Source: Syria Deeply
In Syria, members of the Christian community have been targets of jihadi groups fighting in the more than three-year-old conflict. Last week the Catholic Church announced that a Franciscan priest and more than a dozen Christians had been kidnapped by Jabhat al-Nusra, al-Qaida's Syrian affiliate.
This is not the first time priests have been kidnapped by Islamist militants. Father Francois Murad, a Catholic Syrian priest, was killed by jihadist militants in June 2013. Italian Jesuit Priest Father Paolo Dall’Oglio, who spent decades promoting religious dialogue in Syria, was kidnapped in July 2013 and is still missing.
In all, Christians made up about 10% of Syria's population before the conflict began in 2011. Since then hundreds of thousands of the country’s Christians have fled persecution and violence.
Wolfgang F. Danspeckgruber, founding director of the Liechtenstein Institute on Self-Determination at Princeton University, explained why Christians are being targeted in Syria and how the attacks impact the country as a whole.
Syria Deeply: What kind of targeting of priests and Christians have we seen in the course of Syria's war?
Danspeckgruber: For me, the kidnapping and targeting of Christians and priests became a real personal issue when Greek and Syriac Orthodox bishops of Aleppo, Boulos Yazigi and Yuhanna Ibrahim, WERE taken in April 2013.
When we had a private meeting in November 2013 about Christians in Iraq and Syria, there was a feeling that the situation at that time in Iraq was much worse than in Syria. Since the advance of ISIS this summer, the situation in Iraq for Christians has totally degraded, with between 70,000-100,000 Christians having to flee with only the clothes on their backs, thrown out of villages where Christian communities have been living for over 2,000 years.
The situation for Christians in Syria was slightly better than in Iraq until the past two months, when ISIS made an advance in Northern Syrian areas that were originally controlled by Kurds and the Syrian Opposition.Now, Christians are in danger in any area outside territory controlled by the moderate Syrian opposition or the Assad regime. Some people say that Jabhat al-Nusra has been less violent against Christians than ISIS, but it is still really bad on both sides. I think the most recent kidnappings that we are reading about took place under the ISIS regime but for many reasons.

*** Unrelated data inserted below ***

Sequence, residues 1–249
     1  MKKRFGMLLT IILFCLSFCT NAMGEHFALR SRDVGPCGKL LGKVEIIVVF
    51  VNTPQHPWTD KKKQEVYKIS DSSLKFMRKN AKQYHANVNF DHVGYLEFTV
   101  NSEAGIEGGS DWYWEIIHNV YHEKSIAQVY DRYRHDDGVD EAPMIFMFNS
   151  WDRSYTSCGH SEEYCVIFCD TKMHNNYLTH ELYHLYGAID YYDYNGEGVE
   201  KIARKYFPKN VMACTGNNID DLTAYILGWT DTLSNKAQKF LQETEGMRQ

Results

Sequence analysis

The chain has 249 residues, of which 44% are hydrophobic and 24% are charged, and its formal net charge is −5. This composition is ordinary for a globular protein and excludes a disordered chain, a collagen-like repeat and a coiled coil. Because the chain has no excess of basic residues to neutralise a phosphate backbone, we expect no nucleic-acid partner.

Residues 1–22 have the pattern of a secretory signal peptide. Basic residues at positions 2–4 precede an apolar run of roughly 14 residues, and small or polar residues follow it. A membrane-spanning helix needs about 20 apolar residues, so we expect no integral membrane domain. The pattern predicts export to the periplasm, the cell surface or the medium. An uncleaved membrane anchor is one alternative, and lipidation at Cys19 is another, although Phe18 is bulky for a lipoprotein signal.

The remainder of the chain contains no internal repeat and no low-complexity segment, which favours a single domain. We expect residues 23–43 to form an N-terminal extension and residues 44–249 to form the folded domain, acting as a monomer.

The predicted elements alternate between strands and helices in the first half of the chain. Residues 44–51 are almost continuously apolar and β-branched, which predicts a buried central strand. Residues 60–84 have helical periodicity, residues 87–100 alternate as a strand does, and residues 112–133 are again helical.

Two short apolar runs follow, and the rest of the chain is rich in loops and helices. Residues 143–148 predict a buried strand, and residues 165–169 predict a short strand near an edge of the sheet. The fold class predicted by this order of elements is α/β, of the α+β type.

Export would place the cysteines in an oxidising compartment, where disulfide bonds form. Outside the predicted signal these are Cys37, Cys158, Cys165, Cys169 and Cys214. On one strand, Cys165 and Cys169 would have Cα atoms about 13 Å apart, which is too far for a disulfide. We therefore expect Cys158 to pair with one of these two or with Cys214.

Syria Deeply: Is there any indication about who is behind the kidnappings? What's the strategic value of kidnapping these priests, in the eyes of the groups that have captured them?
Danspeckgruber:Christians have been kidnapped many times, much longer than before the abductions in 2013. They were targeted for financial reasons because they are perceived as belonging to wealthy communities, and were among the intellectual elite , also for ideologic reasons and simple criminality. Sources tell me they were kidnapped by many sides and by anyone who needed money, or because they are believed to be tied to the regime. There were also examples of high-level community leaders being targeted and then used as leverage for various reasons.
The last time I was with Archbishop Yuhanna Ibrahim, he was involved in negotiations trying to free other kidnapped priests. He was kidnapped himself 22 April 2013 just outside Aleppo when he was on the way with the Greek Archbishop Paul Yazigi to try to negotiate the freeing of Catholic and Orthodox priests.